Pointy hats, it should be remembered, were made to fit on pointy heads. Rowling’s fiction stands in relation to real literature the way that a roller coaster stands in relation to a real adventure. The thrills are cheap precisely because they could not possibly be real. The “boy’s own” sort of adventure writing popular in Victorian England had a good deal more merit.
When we put ourselves in the hands of a masterful writer, we undertake a perilous journey that puts our soul at risk. Empathy with the protagonist exposes us to all the spiritual dangers that beset the personages of fiction. In emulation of the ancient tale in which a seven days’ sojourn among the fairies turns out to be an absence of seven years, Thomas Mann sends Hans Castorp to the magic mountain of a tuberculosis sanitarium – but it is the reader is captured and transformed.
We are too complacent to wish upon ourselves such a transformation, and too lazy to attempt it. We find tiresome the old religions of the West that preach repentance and redemption, and instead wish to hear reassurance that God loves us and that everything is all right. We have lost the burning thirst for truth – for inner change – that drives men to learn ancient languages, pore over mathematical proofs, master musical instruments, or disappear into the wild. We want our thrills pre-packaged and micro-waveable. Above all we want our political leaders, our pastors, our artists and our partners in life to validate our innermost feelings, loathsome as they may be. I do not know you, dear reader; the only thing I know about you with certainty is that your innermost feelings would bore me.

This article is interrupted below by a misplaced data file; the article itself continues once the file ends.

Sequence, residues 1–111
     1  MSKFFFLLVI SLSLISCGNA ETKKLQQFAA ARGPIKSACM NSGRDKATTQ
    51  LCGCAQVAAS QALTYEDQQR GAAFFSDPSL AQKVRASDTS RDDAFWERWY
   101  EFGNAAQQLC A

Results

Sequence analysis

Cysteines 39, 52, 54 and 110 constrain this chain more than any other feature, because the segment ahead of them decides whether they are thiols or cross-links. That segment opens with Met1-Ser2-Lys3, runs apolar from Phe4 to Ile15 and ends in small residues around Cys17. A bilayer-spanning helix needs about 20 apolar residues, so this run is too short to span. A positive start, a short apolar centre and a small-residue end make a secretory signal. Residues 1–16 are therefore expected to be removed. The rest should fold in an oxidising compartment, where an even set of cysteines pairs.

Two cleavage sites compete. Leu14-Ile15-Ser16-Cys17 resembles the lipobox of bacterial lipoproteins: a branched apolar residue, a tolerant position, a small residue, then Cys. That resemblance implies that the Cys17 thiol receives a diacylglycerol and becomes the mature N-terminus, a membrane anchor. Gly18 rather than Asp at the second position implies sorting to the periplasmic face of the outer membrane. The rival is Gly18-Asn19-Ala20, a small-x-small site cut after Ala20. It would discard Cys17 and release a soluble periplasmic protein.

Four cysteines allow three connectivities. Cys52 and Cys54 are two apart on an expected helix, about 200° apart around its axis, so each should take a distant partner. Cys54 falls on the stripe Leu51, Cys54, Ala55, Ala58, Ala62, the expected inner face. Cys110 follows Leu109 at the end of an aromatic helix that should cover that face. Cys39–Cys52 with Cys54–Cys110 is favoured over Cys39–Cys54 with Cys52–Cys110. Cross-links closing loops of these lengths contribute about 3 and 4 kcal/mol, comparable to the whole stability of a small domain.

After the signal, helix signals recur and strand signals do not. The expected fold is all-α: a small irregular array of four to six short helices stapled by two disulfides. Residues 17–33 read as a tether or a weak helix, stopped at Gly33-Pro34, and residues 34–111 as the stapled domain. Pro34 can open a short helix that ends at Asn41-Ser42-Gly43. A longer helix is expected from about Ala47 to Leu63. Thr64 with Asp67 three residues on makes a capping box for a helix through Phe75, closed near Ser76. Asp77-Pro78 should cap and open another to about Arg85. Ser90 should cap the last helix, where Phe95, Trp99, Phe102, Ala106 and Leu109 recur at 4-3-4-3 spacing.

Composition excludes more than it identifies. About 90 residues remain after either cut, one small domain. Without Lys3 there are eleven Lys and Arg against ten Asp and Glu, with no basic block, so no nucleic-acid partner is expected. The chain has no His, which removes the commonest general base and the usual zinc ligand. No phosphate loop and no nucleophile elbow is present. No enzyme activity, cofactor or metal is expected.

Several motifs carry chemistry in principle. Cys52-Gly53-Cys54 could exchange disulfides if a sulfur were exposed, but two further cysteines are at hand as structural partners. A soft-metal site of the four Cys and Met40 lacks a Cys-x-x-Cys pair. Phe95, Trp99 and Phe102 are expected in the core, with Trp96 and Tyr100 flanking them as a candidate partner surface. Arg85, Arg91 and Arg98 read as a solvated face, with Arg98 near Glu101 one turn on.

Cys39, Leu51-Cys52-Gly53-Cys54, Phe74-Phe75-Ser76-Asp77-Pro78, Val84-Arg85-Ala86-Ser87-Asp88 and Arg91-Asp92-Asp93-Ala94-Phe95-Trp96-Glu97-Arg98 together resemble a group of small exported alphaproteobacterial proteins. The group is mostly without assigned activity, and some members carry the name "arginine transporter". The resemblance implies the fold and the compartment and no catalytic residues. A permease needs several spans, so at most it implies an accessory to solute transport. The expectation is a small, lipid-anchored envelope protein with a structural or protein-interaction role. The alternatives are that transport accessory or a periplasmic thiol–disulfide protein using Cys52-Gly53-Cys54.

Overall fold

Western literature, along with all great Western art, is Christian in character, including the product of a putative heathen like Goethe, whom Franz Rosenzweig correctly called the prototype of a modern Christian. It is Christian precisely because it deals with overcoming one’s “inner self.” A jejune Manichaeanism pervades the Potter books as well as the “Star Wars” films, and I suppose a case could be made that such a crude apposition of Good and Evil corresponds in some fashion to the emotional narcissism of the protagonists.
In that sense, Christian leaders who disapprove of the whole Potter business simply are doing their job. According to some news reports, Pope Benedict XVI, then Cardinal Ratzinger, disparaged Rowling’s books in a private letter written two years ago. But according to NZ City on July 18, “New Zealand Catholic Church spokeswoman Lyndsay Freer says there is some question over the validity of the letter. She says more importantly, Vatican cultural advisors feel the book is not a theological work and is just plain children’s literature. Ms Freer says it’s wonderful children are being encouraged to read, and the Potter books are no different from the likes of Grimms’ Fairy Tales and Star Wars.” How reassuring it is that the ecclesiastical authorities of Auckland have taken the initiative to correct the pope on this matter.
 Faust, translated by Walter Arndt. W.W. Norton, New York 2001, lines 340-343.
 Op. cit., lines 1692-1698.
 See The pope, the musicians and the Jews (May 9, 2005) and Why the beautiful is not the good (May 16, 2005) for discussion of the Christian character of Western culture.